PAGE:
So how is my book different than what has come before? For one the basis of my work is over 700 primary source documents (including as of June 2011, 642 letter and diary entries written by members of the 26th North Carolina). Along with this extensive foundation of primary source material, I have gleaned as much as possible from secondary sources which helps to add context to the words from the soldiers themselves. In addition to this, extensive field research has been conducted (the results will add much of the content to this blog). Finally, what I think will further help this book stand apart is the "Socio-Military Profile of the 26th North Carolina" that I am developing for this project. Using troop roster and census data, I am creating a database of sociological and military statistics that will give us a window into the lives of the men (and as far as we know one woman) of the 26th North Carolina as civilians and soliders.

I feel that a regimental history must be as much social history as it is military history, and that the two sides of that history go hand in hand. It is my desire that the final product of this book will meet that criteria by giving the reader insight into what life was like for the officers and enlisted men in the ranks, along with detailing the campaigns and battles in which the regiment was a part of, along with placing their lives and the events that impacted them within the context of their society and history.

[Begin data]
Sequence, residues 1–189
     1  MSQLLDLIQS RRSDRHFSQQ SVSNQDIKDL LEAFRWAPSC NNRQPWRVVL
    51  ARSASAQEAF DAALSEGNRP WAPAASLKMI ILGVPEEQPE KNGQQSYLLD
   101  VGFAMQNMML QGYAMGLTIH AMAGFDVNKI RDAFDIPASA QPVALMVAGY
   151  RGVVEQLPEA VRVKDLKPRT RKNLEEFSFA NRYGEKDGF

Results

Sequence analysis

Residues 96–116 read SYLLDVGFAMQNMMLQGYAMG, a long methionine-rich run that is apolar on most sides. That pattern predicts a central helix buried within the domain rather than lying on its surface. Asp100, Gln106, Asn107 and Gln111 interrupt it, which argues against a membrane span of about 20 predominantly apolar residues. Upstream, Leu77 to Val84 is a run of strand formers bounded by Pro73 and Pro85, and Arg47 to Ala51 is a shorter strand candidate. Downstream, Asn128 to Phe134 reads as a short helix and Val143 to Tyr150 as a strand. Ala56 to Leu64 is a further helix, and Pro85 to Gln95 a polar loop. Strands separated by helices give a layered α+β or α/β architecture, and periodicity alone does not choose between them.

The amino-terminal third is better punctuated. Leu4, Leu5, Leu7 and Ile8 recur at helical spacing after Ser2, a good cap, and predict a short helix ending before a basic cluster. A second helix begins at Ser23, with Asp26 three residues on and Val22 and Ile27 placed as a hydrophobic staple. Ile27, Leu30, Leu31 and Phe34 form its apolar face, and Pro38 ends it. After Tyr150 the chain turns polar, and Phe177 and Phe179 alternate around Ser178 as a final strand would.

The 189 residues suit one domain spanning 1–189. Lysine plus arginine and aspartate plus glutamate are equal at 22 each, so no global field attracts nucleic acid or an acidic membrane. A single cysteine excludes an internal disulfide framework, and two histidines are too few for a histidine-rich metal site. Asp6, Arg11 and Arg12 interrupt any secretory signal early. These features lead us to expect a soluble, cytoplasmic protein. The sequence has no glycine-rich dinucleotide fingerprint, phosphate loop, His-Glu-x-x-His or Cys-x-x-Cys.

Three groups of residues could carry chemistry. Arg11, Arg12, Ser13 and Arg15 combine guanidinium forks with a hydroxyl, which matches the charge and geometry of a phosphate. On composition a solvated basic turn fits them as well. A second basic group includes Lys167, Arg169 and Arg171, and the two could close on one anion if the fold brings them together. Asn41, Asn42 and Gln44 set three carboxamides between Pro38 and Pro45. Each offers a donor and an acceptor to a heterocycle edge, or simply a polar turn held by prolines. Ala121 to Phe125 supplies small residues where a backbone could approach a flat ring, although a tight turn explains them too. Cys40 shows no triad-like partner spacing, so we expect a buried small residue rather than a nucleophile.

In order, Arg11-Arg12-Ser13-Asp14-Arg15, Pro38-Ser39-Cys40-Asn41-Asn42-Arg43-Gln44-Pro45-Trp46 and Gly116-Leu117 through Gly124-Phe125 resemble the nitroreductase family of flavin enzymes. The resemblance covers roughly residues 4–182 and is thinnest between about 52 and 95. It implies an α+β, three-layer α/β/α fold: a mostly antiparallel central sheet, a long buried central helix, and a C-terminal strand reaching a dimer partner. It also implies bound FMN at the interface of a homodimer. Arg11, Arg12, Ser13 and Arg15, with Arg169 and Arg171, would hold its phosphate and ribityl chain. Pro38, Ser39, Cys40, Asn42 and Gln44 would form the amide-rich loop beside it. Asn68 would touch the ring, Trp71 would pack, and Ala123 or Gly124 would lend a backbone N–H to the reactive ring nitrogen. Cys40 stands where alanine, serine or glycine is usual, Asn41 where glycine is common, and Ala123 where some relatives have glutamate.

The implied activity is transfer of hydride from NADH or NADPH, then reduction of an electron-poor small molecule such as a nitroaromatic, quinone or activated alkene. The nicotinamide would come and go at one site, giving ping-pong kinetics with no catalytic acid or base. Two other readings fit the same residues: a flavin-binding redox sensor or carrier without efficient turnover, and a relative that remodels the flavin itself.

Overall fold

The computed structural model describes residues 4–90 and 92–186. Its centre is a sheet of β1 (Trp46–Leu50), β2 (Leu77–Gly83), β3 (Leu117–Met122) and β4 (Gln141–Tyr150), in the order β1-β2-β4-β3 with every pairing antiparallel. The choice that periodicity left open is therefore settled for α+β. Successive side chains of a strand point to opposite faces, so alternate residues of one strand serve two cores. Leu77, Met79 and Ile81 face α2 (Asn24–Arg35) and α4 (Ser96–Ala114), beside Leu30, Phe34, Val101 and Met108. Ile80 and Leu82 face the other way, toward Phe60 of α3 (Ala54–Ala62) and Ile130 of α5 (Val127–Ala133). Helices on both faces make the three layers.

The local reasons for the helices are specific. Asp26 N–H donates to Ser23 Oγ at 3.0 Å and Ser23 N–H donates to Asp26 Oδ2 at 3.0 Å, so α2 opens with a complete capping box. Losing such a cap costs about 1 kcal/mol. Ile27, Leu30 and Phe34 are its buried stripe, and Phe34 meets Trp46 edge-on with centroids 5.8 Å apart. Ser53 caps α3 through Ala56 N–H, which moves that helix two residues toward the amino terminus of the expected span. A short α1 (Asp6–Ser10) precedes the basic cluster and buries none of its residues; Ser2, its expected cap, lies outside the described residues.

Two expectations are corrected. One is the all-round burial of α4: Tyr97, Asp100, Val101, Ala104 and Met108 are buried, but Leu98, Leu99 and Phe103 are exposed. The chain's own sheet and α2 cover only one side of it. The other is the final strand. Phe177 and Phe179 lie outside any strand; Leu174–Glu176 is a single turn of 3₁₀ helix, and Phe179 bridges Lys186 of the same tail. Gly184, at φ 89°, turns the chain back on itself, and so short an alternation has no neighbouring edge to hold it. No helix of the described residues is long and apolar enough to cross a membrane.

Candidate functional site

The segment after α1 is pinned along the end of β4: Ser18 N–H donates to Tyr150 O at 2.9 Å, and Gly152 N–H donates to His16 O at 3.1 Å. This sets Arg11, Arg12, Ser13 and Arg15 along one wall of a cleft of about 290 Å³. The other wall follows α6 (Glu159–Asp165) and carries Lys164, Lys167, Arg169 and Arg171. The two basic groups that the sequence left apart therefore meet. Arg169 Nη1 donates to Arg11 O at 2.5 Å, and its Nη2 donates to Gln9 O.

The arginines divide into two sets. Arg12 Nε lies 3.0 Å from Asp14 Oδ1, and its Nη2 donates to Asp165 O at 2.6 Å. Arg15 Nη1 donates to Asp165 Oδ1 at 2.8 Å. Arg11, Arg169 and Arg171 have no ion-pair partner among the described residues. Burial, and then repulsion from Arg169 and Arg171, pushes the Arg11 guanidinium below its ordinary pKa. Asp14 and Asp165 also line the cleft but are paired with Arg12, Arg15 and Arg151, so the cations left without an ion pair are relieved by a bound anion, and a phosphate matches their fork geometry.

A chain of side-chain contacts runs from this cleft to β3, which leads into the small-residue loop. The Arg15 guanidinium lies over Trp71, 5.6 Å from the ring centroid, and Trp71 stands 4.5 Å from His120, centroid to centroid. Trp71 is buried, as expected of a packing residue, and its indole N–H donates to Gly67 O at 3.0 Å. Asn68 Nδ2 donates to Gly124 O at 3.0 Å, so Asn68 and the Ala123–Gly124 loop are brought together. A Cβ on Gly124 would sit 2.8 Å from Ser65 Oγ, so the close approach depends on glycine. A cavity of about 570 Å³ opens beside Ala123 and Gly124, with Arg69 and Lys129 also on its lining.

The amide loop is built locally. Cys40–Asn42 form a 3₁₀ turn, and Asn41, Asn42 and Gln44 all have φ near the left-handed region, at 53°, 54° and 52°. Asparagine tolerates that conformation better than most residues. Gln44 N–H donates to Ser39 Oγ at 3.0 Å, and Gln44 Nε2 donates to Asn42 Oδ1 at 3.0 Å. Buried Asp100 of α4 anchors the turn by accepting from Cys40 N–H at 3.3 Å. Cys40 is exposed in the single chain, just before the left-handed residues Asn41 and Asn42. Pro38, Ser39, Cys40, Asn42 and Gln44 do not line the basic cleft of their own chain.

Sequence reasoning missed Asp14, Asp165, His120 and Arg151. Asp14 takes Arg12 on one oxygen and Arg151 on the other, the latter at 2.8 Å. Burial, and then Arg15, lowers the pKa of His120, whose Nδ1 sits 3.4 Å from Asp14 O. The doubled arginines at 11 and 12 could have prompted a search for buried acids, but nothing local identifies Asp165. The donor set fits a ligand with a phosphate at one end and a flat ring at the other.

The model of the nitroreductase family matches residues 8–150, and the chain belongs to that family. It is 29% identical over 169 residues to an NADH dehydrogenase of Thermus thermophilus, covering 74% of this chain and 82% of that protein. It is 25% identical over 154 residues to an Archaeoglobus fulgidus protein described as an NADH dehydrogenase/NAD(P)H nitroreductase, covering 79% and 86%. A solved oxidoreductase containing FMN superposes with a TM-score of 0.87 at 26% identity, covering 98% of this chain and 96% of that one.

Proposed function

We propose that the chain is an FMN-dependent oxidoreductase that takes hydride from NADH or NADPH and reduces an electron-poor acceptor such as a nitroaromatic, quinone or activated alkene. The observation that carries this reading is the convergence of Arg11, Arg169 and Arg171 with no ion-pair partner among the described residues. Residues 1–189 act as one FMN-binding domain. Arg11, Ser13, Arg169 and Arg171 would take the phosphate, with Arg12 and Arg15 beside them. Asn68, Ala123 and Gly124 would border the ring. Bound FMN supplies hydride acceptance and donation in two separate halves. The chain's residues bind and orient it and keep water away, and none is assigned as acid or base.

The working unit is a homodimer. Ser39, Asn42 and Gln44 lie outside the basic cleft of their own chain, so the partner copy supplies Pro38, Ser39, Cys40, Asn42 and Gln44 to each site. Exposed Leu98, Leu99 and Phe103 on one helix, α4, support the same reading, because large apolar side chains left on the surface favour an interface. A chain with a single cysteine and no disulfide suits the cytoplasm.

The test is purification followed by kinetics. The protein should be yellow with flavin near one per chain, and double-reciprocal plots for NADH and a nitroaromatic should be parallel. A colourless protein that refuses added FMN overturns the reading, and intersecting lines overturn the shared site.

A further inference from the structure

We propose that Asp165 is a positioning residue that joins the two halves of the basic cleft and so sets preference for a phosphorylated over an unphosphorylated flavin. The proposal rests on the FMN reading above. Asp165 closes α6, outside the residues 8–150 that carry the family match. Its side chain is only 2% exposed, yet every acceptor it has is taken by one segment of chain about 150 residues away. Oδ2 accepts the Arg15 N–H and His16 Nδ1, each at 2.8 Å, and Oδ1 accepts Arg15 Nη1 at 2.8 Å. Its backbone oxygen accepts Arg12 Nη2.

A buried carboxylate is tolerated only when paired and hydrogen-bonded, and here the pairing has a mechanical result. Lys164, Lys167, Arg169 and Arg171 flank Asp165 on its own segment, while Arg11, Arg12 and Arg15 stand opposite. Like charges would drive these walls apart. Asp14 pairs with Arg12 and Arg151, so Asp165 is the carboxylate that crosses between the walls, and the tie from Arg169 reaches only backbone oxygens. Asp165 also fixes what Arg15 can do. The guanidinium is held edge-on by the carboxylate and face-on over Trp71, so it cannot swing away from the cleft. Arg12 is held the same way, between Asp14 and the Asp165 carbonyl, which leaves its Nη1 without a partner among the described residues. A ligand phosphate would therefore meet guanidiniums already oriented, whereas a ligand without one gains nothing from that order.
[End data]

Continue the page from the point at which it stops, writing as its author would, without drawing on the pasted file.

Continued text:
Even though I am well into the research and writing phase, I am always interested in any letters/and or diaries from men of the 26th North Carolina or that pertain to them that may still reside in private collections or in the possession of families. Also of interest is any photographs or family history/traditions that involve men of the regiment. If you have any of this or know of someone who does please contact me via email at Any information used in the book will be given full credit and attribution.

The second post to the blog will discuss briefly the formation of the companies of the regiment and the counties in North Carolina where they were raised. The third post will focus on the role of the regiment on July 3, 1863 at Gettysburg.

With all that said the release date for this book will be June 2013, but in the meantime I hope you will enjoy following in the footsteps of the 26th North Carolina as much as I have. It has truly been a wonderful and humbling experience for this historian to do so.